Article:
South Side native Toya Turner refuses to shy away from social justice issues as she enjoys her first series-regular role on Netflix’ ‘Warrior Nun’
Chicago actress Toya Turner’s star power seems to be trending toward a bright future.
Even after getting the nod as a series regular — the first in her acting career — in the Netflix series “Warrior Nun,” she hasn’t taken her focus off what she views as being top of mind: putting a spotlight on gun violence and police killings.
“What matters most to me right now is ALL Black Lives Matter, defund the police and invest back into Black communities and justice for Breonna Taylor,” said Turner.
“Warrior Nun,” a comic book adaptation that debuts Thursday on Netflix, is about a young woman (Alba Baptista) who inherits superpowers as the chosen “Halo-Bearer” for a secret sect of demon-hunting nuns. Each episode is named after a Bible passage that fits the subject matter.
“I don’t think that I’ve seen any comic book do that,” said Turner. “I think it’s cool that they really do play with the dynamics of the church and the dynamics of people’s beliefs. So I think it’s really edgy and it’s different and really cool.”
Turner, who grew up by 103rd Street and Martin Luther King Drive in the Rosemoor neighborhood on the South Side, plays Shotgun Mary, a nun who has her own thoughts on how justice ought to be served.
“Just reading this script and falling in love with it and this audition experience for me, it was just really different,” said Turner. “I don’t know what it was. I just connected with it [the role] so well. … This is everything that I’ve always dreamed of and been working towards. But to be here is still crazy.
“I like that she goes rogue and off on her own. She has her own law, her own rules. And I really liked that she’s a rebel and, you know, she is like a black sheep of the family that they have. But I like that she has her own standards and her own rules, and she says she just goes for it. She’s more about the sisterhood and the family than the church; I thought that was really cool when I read it.”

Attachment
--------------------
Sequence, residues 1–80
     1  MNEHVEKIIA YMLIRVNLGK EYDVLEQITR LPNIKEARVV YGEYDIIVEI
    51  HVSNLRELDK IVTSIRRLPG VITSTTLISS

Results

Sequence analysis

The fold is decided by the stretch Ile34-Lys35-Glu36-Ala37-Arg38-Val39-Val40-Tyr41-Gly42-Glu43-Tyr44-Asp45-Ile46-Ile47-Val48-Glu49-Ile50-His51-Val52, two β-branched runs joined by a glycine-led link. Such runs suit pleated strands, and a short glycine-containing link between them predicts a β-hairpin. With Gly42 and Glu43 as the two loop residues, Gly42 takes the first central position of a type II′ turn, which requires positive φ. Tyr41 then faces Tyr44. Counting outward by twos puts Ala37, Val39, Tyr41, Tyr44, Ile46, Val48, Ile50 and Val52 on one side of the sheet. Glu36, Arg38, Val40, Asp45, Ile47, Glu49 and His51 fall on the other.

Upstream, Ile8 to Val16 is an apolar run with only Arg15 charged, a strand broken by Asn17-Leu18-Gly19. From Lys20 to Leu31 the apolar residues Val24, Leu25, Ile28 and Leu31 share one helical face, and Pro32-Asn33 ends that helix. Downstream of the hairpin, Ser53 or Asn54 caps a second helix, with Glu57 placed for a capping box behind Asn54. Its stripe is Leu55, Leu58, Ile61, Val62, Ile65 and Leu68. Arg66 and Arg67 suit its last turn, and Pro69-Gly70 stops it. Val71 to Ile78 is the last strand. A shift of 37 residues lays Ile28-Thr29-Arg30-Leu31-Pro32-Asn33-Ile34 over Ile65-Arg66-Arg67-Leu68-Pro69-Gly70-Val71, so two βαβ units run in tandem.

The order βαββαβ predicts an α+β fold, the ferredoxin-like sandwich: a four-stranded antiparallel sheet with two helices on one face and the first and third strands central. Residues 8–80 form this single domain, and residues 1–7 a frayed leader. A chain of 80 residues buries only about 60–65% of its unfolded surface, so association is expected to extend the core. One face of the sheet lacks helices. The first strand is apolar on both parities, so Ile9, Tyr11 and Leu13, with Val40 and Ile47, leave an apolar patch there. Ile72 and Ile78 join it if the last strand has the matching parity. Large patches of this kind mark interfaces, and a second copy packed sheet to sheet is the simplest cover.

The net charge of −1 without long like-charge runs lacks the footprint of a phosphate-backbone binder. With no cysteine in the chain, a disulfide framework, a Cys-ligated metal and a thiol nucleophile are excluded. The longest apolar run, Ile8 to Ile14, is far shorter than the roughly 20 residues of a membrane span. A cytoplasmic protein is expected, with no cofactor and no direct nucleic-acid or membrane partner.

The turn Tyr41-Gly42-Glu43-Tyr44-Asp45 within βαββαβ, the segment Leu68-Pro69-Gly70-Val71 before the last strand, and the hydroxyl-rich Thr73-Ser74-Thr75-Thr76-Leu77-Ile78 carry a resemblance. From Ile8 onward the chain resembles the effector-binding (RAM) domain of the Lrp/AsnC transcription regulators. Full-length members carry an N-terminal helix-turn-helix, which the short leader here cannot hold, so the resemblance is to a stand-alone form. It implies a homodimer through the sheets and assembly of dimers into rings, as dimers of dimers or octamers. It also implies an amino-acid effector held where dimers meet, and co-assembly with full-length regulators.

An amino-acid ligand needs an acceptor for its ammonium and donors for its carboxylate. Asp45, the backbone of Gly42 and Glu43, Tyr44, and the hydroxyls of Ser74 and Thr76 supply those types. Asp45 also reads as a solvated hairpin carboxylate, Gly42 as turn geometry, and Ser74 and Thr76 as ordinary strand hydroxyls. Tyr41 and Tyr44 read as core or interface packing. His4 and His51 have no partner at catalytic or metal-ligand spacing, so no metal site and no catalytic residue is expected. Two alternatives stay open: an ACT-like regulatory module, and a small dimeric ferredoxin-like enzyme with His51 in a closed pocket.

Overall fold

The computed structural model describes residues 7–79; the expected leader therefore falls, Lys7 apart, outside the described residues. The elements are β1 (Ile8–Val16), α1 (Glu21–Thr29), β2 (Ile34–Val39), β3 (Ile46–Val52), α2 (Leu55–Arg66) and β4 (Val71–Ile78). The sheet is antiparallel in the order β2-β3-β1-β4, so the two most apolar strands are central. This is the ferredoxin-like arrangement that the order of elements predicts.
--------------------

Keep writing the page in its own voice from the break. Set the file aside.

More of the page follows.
Turner, the daughter of a nurse and a retired Chicago police officer, has thoughts on the number of police killings and the unrest in their aftermath. And as a former student at the Second City improv hub in Chicago, she’s been watching the fallout regarding its co-owner and executive producer Andrew Alexander, who stepped down amid accusations of institutional racism.
“I mean, I don’t know where [Second City leaders] have been,” said Turner, a Thornridge High School graduate. “I don’t know where they’ve been hiding, you know, but for them to just be finding out their racism is still going on; I call b---s--- on that. I don’t think there’s anything that I can say about what’s going on in the world that hasn’t already been said. But I just think it’s disgusting.
“And it hurts me and I identify closely and every time I turn on Instagram, there’s another death and it’s tragic and it breaks my heart.”
Before Turner left Chicago for California, she only had bit roles in the locally based series “Easy,” “Chicago Med,” “Chicago Fire” and ‘Empire.” She noticed that she was getting calls for specific roles.
“It would be a mom; that’s it. Or being a mom whose kid gets shot, which is a very important story to tell because it is. The same story, the same audition all the time. She’s a mom; what else is she? What else does she do?’’
She made a choice that changed her career trajectory. “I decided to move to L.A., or at least go to L.A. and see how it was out there and decided that I liked it and I was going to stay,” said Turner. “… I got to audition for [‘Warrior Nun’]. It’s just crazy the fact that making that leap of faith, as they say, and it was just the best thing for me and the best thing for my career.’’
And despite leaving Chicago to further her career, Turner misses the city and its people.
“I miss the people; we have this certain vibe,” said Turner. “I don’t even know if I can explain it but it’s just, I miss my family. I extremely miss them and then I just miss the people. The food, too.”
Toya Turner plays Shotgun Mary on “Warrior Nun’’ and says she loves that her character ‘‘has her own law, her own rules.’’